Wheelchair seating services — which ensure young wheelchair users are comfortable, and also prevent conditions like scoliosis, a curving of the spine — have the same clinically accepted wait time. The hospital said it requires additional provincial funding to beef up staffing enough to get back to that level.

“Our seating service delays can mean that the child isn’t actually able to move at all,” said Lindsey Crawford, senior director of ambulatory care services at Holland Bloorview.

“So they might not be able to attend school, which creates a lot of anxiety, they might not be able to tolerate sitting up in their wheelchairs, they might be stuck in bed all day. And in some cases, if they don’t have their wheelchair properly fitted, that can cause a lot of pain — and sometimes fractures.”

Sandra Ramdial, operations manager for orthotics and prosthetics at Holland Bloorview, said the clinically accepted wait time for orthotics and prosthetic appointments is only 30 days — a target the facility may not hit for at least 12 months. Holland Bloorview Kids Rehabilitation Hospital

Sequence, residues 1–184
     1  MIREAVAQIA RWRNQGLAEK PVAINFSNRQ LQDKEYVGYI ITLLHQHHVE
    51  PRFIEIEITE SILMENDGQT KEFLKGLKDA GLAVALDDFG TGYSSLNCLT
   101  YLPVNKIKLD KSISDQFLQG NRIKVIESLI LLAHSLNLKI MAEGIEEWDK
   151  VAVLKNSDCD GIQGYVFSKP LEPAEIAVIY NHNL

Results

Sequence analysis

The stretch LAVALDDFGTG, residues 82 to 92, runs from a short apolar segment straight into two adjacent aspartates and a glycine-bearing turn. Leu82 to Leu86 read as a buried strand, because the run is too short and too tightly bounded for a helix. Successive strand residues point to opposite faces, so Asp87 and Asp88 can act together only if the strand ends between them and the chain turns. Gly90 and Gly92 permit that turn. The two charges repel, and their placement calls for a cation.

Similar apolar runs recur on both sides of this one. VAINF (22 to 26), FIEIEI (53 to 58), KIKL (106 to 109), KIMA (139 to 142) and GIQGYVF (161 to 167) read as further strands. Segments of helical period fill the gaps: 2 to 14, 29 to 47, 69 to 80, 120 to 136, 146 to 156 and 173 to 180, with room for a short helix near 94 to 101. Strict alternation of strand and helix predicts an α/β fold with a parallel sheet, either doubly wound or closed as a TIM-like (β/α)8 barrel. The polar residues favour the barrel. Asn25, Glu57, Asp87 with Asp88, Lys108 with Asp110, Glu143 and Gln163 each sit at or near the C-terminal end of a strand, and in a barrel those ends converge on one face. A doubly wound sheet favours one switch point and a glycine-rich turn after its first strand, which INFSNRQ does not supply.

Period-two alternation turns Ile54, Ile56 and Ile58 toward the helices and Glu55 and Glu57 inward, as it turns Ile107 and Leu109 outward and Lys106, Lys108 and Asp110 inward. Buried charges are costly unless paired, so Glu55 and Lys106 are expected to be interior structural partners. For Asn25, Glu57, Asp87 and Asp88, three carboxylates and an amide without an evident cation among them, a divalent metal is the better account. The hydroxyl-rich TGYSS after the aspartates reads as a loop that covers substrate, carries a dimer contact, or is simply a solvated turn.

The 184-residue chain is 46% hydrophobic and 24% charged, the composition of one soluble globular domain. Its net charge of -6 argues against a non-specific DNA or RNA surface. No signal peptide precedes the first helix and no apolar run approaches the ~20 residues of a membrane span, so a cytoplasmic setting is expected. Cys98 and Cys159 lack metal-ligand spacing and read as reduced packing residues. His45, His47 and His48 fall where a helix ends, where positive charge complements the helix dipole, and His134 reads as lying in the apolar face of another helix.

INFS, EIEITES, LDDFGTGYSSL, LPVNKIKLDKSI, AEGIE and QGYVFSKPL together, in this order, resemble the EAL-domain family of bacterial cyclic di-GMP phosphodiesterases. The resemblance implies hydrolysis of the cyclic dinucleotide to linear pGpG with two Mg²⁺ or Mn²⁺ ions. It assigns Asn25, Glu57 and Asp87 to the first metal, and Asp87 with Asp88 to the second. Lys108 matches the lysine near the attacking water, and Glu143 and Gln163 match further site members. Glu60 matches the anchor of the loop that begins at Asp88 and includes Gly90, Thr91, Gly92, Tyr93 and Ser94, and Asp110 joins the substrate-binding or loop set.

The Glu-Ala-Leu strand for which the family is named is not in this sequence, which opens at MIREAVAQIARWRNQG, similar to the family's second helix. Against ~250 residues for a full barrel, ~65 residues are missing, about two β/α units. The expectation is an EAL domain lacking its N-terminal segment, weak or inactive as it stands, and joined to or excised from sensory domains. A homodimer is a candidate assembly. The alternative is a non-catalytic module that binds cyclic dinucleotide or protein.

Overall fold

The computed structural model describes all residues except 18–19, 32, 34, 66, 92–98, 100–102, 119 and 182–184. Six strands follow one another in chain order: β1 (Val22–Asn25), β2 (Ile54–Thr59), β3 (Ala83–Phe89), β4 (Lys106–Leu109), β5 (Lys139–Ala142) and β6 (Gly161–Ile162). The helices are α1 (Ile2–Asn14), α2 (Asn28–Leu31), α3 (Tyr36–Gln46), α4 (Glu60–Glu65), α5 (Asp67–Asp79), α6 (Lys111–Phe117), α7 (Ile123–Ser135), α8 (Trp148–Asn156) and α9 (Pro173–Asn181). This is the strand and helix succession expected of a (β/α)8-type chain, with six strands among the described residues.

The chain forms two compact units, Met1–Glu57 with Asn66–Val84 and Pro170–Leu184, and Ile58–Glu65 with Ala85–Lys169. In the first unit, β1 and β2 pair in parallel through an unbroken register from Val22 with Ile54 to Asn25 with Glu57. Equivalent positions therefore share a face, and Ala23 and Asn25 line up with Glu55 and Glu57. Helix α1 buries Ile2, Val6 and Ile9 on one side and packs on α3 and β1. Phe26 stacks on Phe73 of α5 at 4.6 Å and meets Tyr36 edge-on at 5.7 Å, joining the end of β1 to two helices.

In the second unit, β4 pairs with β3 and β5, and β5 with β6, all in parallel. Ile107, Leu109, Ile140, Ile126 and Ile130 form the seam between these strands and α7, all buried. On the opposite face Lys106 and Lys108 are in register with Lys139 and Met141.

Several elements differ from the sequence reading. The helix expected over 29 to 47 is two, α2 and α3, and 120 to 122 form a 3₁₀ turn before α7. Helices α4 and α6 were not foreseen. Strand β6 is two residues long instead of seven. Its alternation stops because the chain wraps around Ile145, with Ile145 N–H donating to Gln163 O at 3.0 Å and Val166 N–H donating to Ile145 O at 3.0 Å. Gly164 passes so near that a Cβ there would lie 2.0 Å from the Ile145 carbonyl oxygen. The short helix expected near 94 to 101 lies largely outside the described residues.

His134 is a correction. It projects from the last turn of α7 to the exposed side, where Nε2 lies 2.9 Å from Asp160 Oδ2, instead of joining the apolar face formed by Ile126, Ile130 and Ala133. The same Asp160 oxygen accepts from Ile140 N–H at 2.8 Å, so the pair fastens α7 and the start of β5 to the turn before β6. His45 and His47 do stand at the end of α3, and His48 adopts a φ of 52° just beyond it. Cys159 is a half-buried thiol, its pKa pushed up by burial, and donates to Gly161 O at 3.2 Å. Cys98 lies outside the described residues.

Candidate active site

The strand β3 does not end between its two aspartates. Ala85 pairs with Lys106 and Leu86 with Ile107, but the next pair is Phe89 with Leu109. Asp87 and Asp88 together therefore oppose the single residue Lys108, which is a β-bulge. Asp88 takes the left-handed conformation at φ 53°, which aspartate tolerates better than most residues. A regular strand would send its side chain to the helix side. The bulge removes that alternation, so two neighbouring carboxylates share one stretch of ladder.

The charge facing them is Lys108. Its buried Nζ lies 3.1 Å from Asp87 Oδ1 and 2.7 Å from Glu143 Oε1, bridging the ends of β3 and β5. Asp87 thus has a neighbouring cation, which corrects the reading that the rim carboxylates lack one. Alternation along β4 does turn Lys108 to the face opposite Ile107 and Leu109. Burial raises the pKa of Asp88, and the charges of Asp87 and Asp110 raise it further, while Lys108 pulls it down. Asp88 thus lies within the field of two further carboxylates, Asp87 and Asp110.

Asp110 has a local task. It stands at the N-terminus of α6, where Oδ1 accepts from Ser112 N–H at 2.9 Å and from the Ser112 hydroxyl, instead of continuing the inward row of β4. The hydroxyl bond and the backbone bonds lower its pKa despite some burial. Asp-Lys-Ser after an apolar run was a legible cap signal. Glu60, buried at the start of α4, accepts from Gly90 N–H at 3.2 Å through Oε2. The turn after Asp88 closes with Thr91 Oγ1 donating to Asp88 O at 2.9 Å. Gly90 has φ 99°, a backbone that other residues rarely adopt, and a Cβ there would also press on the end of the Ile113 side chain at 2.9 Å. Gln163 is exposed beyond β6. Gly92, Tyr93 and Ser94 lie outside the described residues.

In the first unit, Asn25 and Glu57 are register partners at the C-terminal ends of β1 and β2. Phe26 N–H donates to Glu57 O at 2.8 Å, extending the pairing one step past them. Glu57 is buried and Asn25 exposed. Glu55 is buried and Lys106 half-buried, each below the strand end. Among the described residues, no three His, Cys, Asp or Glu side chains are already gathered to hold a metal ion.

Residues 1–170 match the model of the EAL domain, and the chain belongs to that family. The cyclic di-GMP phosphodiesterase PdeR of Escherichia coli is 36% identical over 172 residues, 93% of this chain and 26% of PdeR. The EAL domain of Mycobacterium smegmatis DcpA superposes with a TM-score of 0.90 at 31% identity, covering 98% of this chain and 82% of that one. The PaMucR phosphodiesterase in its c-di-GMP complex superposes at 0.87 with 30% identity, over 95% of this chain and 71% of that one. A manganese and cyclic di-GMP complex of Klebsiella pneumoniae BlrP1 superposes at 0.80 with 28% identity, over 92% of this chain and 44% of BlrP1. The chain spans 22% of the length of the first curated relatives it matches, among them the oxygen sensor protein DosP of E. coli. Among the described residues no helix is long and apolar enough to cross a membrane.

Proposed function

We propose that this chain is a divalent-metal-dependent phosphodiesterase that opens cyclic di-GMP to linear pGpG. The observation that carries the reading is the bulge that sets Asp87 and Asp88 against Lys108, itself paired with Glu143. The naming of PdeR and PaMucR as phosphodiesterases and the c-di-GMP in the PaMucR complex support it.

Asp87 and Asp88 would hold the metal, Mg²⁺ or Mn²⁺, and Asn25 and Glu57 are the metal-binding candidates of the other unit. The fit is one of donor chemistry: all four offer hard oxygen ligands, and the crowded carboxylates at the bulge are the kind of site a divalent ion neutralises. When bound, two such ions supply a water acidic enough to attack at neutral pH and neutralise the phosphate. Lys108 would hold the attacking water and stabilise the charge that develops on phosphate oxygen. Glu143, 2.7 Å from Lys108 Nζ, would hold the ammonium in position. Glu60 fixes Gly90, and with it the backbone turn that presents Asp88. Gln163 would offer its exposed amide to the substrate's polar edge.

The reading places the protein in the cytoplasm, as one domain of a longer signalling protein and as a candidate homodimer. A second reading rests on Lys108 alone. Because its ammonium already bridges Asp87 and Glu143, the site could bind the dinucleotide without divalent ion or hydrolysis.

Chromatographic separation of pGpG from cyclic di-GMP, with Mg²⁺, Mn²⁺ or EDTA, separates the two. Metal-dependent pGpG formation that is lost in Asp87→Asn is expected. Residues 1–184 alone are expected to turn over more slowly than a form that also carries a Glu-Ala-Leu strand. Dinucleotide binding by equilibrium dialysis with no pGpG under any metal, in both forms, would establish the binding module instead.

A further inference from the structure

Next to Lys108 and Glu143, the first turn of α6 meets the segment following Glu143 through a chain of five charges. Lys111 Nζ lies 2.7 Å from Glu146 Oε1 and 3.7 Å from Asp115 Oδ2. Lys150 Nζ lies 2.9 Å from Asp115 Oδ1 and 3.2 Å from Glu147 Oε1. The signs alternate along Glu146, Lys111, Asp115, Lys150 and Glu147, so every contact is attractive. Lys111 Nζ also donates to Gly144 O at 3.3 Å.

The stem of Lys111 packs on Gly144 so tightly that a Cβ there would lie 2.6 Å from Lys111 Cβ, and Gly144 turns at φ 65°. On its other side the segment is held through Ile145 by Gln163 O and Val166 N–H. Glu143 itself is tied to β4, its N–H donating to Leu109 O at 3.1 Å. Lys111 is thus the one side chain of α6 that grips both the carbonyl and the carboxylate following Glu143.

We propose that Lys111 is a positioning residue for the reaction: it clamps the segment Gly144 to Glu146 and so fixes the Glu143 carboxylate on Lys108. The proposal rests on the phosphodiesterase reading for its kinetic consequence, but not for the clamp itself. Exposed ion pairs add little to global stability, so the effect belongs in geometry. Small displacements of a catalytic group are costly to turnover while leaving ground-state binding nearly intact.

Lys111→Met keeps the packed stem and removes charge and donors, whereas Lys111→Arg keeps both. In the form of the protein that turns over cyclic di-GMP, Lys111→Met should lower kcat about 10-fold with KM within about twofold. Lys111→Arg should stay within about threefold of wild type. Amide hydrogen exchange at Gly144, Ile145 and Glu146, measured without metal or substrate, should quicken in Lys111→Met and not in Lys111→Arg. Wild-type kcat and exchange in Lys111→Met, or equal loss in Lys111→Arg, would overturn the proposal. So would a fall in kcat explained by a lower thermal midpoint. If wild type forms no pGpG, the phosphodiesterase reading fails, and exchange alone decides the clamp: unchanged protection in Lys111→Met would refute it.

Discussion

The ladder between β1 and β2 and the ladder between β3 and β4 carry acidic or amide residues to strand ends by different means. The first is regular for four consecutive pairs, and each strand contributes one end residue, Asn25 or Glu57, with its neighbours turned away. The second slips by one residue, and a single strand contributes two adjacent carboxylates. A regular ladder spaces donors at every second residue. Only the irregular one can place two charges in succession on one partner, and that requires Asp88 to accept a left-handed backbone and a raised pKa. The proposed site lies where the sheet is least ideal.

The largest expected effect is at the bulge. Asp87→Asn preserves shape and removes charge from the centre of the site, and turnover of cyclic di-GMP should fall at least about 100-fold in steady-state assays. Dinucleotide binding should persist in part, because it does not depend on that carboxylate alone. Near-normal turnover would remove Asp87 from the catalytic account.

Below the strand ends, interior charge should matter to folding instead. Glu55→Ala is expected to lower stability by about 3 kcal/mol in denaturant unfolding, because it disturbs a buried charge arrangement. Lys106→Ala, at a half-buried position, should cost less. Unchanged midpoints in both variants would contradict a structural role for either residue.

7 in 10 appointments cancelled during first wave

During the first wave of the pandemic, rising COVID-19 cases and the resulting shutdowns forced Holland Bloorview to cancel seven in 10 appointments, according to hospital figures, which led to the current wait list.

The latest available hospital data, as of last Friday, showed a backlog of 493 for the hospital’s autism clinic, 153 for orthotics and prosthetics, and 62 for the wheelchair seating service.

The team stressed this ripple effect compounds on the more publicized issue of cancelled surgeries, which some researchers estimate hit a backlog of close to 150,000 procedures in Ontario between mid-March and mid-June this year.

“It’s having a huge impact on clients’ and family’s lives,” Crawford said.

At Toronto’s Hospital for Sick Children, also known as SickKids, two-thirds of young patients waiting for surgeries missed their target window during the pandemic, the Globe and Mail reported in November.

A month earlier, the Children’s Health Coalition — a collective of children’s health organizations, including both SickKids and Holland Bloorview — made a public statement that Ontario children are “victims of a health care crisis” that existed before COVID-19 stuck, and worsened this year.

Amid the pandemic, more than 30,000 pediatric procedures and appointments at children’s hospitals across the province have been cancelled, the group said, with kids now facing waits of up to two and a half years for surgery.